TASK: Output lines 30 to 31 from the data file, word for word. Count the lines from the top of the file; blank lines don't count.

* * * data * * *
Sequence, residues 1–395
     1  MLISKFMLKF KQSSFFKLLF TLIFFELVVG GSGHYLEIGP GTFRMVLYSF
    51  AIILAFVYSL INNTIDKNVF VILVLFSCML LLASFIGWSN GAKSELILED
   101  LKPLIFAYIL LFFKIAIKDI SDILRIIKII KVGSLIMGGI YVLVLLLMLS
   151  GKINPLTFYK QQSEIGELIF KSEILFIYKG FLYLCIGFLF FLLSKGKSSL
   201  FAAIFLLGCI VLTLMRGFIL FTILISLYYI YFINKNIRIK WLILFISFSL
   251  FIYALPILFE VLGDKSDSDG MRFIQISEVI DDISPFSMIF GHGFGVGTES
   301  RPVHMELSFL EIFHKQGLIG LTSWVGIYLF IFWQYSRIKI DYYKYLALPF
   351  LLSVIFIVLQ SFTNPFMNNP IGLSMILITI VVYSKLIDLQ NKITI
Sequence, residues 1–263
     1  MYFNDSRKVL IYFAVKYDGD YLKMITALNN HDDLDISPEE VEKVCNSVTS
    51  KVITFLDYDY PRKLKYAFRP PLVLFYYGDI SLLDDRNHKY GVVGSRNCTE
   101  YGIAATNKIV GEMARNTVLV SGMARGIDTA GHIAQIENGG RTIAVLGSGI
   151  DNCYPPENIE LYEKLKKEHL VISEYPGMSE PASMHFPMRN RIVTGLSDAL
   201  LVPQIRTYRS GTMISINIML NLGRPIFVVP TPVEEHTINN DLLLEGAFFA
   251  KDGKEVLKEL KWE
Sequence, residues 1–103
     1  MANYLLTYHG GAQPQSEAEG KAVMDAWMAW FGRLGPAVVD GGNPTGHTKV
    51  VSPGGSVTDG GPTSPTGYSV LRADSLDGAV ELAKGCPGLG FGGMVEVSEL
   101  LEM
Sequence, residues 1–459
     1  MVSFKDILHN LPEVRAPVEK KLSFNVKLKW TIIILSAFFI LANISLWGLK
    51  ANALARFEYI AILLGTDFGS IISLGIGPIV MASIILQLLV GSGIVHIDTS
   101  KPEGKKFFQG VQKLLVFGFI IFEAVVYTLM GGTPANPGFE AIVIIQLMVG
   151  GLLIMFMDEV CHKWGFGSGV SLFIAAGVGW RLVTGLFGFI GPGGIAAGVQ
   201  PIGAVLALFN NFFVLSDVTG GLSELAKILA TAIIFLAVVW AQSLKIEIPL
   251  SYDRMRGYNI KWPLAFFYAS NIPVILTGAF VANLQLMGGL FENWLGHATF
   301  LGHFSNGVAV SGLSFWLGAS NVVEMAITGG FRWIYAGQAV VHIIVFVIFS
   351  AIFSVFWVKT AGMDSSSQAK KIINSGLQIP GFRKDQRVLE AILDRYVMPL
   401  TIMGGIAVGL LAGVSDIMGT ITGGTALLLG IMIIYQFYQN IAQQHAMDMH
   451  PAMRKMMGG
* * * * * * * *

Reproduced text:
   401  TIMGGIAVGL LAGVSDIMGT ITGGTALLLG IMIIYQFYQN IAQQHAMDMH
   451  PAMRKMMGG